by Ben Anderson
Over the years Warren Wilson has been fortunate to welcome many eminent individuals to campus, even aside from the College’s springtime commencement speakers. People such as E.O. Wilson, who spoke to an overflow gathering in the College Chapel; Bill McKibben, who came to campus on the eve of his 10/10/10 Global Work Party; and Jane Goodall, who despite an April snowstorm had no trouble filling Asheville’s spacious Thomas Wolfe Auditorium with a public presentation before spending the next couple of days on campus.
Before this year, Wendell Berry had last made a public appearance on the Warren Wilson campus way back in 1984, shortly after his 50th birthday and several years before most current WWC students were born. So the excitement and anticipation surrounding his visit 27 years later was hardly surprising – a two-day stay that also included visits to class and around campus with his wife and daughter. As the crowd began to stream into the chapel for a reading on the night of Nov. 9, it was clear this was going to be a magical evening at Warren Wilson.
Because the chapel seats hundreds, not thousands, the College made a conscious effort not to publicize the reading to the greater community, so that Warren Wilson students, faculty and staff who wished to attend could gain entry long as they arrived at least 20 minutes before the 8 p.m. start time. But when Wendell Berry is scheduled to read, word is going to filter out and not surprisingly a long line that included many from the larger community formed outside the chapel by 7:30 p.m. Fortunately, the technical work of Warren Wilson staff members David Harper and Sloan Poe facilitated a live broadcast in nearby Canon Lounge, where those unable to get a seat in the chapel gathered to enjoy the reading.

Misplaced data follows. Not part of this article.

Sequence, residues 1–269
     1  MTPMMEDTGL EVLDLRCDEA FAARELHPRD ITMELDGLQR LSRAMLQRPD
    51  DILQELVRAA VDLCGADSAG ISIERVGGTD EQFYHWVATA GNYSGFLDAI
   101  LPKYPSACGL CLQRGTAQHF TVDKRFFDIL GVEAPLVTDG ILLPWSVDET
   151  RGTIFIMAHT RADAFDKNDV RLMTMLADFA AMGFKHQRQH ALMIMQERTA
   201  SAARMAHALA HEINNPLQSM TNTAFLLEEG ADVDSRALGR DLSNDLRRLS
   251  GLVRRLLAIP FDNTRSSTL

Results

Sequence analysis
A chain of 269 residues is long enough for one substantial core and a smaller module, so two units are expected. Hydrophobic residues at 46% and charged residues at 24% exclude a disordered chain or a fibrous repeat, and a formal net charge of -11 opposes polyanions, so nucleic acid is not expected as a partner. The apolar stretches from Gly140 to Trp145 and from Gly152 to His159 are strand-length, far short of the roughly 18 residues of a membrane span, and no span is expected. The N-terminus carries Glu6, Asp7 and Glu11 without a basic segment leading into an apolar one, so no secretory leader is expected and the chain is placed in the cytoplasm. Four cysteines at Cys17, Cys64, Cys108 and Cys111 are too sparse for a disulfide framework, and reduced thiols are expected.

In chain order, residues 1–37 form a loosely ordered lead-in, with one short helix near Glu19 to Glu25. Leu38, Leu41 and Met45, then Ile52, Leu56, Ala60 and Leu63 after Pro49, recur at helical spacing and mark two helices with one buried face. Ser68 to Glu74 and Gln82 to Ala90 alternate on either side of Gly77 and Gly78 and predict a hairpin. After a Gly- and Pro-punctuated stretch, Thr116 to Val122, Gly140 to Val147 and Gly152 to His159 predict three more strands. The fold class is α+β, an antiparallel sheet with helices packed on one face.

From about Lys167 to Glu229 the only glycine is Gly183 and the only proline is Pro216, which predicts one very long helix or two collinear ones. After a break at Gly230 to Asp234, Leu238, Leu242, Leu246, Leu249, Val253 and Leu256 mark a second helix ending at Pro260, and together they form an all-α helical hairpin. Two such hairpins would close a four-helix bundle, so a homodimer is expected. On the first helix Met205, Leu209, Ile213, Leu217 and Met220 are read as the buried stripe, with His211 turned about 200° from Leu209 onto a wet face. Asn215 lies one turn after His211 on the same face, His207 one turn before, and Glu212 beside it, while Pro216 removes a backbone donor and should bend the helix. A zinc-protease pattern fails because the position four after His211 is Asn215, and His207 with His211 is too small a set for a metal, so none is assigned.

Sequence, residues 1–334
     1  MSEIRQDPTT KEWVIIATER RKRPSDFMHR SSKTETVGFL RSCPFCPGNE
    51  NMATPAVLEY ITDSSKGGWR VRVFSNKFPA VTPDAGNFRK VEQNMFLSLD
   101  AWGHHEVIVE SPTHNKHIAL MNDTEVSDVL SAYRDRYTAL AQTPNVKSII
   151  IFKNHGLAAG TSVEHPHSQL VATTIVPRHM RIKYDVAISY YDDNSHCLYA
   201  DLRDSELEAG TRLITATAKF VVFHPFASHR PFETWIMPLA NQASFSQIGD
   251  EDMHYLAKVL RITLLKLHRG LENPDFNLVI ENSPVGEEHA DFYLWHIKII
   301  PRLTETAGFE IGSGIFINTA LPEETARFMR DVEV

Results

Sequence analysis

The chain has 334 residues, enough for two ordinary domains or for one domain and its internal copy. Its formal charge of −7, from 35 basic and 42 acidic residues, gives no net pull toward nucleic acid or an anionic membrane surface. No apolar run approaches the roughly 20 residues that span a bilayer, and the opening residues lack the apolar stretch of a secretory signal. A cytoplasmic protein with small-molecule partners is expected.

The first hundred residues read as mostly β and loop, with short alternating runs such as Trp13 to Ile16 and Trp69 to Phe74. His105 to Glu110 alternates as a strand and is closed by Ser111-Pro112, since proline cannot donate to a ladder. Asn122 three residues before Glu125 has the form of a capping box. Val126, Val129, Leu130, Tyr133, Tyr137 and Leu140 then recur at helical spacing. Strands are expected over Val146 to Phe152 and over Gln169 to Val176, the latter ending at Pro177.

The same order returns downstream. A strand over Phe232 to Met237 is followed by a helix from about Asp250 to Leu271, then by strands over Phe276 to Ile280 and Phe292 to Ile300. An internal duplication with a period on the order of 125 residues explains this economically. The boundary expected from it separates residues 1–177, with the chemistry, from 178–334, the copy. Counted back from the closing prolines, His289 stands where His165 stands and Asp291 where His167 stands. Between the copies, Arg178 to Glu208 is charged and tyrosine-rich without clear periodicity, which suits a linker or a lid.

For his reading titled, “Living an Integrated Life: A Reading by Wendell Berry,” Berry chose to read from his famed Port William stories. And for about an hour, a rapt audience listed to a great writer read the written word well crafted – no multimedia presentation, no PowerPoint, just flowing and often poetic prose by one of the masters, interrupted only a few brief times by sips of juice in order to ease what Berry described as a throat tickle. His words were mesmerizing.
Before the reading began, Berry said of Warren Wilson, “This is a great place; this is an exceptional place.” After his reading, he fielded several questions that had been submitted beforehand by students at this “exceptional place.”
In responding to a question about needed change in our society, Berry said, “The great change we can make is to change the standards.” He later optimistically added, in replying to another question: “No matter how bad things get, somebody who’s willing can make it a little better.” He also told the students, “You are very fortunate to be at a small college,” noting that Warren Wilson “is not a battleship, but a canoe” where students can make a real difference.
One of the more poignant moments of the evening came just before the question-and-answer session when Jill Winsby-Fein ’13, a member of the Fine Woodworking Crew, presented Berry with handcrafted placemats, candles and a lazy Susan. Berry seemed genuinely moved to receive handmade gifts from Warren Wilson students. But then, nearly everything about the evening was moving, in one way or another…